Society's increased interest in renewable energy and materials put pressure on forest biomass production. Intensive fertilization of young Norway spruce (Picea abies) forest has a considerable potential to increase the production of tree biomass, but there are concerns about negative side-effects on forest ecosystem structure and function. Fertilization of young forest has a strong negative impact on light availability below the tree canopy and reduces the abundance of the forest floor vegetation. The silvicultural practice of thinning has been shown to affect composition and diversity of forest floor vegetation, and it has been proposed, but rarely tested, that the effects of fertilization are interdependent on the type of thinning performed. Here we present responses on the forest floor vegetation following 25 years of fertilization and eighth years after thinning (removing 30% or 60% of the tree basal area) in a Norway spruce forest in northern Sweden. Fertilization without thinning led to a considerable reduction in abundance of most forest floor plants. It did not affect species richness but resulted in an increased evenness. Thinning reduced the fertilization effects so that the total abundance of the vegetation was comparable to the unfertilized control plots. A considerable change in species composition had, however, taken place. Thinning favored early-successional species and pteridophytes on the account of dwarf-shrubs. Thinning also increased species richness and functional richness, while none, or negative effects were seen on evenness and functional evenness, respectively. A comparison with data from the National Forest Inventory revealed that the type of vegetation generated by fertilization, without or in combination with thinning, is a type of vegetation very uncommon in Swedish boreal forests. First, we conclude that the effects of fertilization on forest floor vegetation in young stands of Norway spruce are largely dependent on thinning regime. Secondly, fertilization will, independently of thinning, lead to considerable changes in the vegetation, including a functional shift from dwarf-shrubs with ericoid mycorrhiza to ferns and grasses with arbuscular mycorrhiza, resulting in a functional type of vegetation that is rare in this part of the boreal forest biome. Finally, in contrast to what previously has been suggested for unfertilized forests, thinning of fertilized forests may not promote late-successional species.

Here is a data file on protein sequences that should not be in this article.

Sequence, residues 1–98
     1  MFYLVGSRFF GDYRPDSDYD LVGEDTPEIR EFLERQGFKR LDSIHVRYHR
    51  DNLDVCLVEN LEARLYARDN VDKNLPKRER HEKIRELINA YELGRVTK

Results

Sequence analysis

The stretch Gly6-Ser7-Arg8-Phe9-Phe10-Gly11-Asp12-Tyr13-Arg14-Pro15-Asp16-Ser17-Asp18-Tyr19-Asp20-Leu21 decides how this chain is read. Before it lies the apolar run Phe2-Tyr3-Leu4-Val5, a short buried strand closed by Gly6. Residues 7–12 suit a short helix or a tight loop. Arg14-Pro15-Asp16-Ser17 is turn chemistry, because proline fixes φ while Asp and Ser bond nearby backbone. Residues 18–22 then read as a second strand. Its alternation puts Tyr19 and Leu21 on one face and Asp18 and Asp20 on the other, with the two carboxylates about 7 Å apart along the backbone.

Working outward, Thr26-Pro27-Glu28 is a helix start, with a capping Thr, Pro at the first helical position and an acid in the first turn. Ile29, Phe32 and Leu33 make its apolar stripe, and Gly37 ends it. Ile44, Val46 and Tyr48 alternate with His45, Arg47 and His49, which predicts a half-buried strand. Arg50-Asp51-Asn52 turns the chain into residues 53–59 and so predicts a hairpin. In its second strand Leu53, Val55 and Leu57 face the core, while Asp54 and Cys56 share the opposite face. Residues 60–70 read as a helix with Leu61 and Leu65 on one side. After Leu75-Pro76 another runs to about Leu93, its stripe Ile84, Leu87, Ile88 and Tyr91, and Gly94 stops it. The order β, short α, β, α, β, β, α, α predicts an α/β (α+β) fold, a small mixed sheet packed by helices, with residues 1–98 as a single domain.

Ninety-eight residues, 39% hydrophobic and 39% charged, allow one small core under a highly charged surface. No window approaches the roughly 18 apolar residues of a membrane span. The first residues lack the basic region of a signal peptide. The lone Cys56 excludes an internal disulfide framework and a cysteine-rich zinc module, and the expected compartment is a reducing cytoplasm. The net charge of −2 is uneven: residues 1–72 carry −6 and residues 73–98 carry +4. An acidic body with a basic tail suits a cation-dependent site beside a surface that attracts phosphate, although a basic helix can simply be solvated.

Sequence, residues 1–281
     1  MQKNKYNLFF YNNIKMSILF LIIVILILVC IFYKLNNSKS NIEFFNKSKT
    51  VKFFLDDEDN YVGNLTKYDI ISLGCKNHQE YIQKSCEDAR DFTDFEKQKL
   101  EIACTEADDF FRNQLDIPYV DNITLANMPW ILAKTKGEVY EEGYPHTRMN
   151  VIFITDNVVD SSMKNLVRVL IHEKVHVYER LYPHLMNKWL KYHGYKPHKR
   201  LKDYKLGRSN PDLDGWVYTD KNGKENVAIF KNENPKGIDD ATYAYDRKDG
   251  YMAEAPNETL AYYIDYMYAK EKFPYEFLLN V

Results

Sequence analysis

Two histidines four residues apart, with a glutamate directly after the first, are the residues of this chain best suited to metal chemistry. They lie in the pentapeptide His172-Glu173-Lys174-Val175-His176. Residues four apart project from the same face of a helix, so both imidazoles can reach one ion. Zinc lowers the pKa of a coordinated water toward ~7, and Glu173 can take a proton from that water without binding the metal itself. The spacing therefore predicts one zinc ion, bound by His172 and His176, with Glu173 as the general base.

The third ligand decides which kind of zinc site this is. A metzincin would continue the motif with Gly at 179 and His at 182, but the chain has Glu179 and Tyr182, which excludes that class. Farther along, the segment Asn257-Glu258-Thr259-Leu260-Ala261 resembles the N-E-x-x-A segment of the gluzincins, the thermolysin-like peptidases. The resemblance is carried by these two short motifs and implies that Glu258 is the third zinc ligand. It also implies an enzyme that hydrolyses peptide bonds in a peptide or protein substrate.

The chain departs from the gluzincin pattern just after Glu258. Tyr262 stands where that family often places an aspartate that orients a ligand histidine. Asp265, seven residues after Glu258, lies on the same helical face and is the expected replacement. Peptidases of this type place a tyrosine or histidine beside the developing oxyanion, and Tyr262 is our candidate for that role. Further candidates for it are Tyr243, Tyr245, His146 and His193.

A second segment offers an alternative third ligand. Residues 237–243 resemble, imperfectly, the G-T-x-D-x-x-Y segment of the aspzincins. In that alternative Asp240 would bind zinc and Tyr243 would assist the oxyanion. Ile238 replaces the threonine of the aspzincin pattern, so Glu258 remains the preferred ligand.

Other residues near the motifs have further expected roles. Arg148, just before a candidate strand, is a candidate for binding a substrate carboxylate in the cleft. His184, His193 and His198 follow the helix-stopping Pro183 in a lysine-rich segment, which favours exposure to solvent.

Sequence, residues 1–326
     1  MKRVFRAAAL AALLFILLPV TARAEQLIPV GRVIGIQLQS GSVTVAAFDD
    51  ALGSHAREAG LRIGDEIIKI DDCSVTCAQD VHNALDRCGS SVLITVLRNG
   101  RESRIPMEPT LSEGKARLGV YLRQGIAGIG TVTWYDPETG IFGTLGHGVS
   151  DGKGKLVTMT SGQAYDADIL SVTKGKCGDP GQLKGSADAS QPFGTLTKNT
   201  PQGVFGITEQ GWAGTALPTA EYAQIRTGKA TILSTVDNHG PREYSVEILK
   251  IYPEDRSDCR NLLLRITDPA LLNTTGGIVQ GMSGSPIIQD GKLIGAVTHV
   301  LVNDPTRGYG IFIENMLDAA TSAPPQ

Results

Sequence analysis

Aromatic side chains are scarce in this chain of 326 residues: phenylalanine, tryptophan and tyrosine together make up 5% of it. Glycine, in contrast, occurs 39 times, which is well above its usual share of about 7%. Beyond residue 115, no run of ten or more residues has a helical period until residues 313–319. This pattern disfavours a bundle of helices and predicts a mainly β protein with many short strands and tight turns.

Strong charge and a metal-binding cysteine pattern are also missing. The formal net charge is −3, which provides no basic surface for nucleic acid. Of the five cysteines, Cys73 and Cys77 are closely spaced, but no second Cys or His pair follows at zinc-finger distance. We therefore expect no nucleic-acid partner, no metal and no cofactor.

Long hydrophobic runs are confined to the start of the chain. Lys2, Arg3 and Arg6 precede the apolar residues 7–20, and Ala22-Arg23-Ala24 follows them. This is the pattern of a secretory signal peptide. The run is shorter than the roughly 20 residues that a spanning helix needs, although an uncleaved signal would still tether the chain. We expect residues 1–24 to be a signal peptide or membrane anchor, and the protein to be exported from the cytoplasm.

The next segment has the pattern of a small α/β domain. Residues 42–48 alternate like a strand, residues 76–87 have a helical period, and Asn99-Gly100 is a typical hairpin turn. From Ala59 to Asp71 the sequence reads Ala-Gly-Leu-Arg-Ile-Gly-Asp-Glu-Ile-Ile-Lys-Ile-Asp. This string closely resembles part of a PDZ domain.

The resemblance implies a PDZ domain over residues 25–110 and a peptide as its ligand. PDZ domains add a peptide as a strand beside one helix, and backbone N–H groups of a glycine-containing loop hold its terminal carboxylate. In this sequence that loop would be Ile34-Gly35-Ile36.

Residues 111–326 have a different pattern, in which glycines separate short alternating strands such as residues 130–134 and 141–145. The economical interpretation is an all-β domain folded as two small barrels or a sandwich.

(C) 2013 Elsevier B.V. All rights reserved.
2013. Vol. 310, 382-392 p.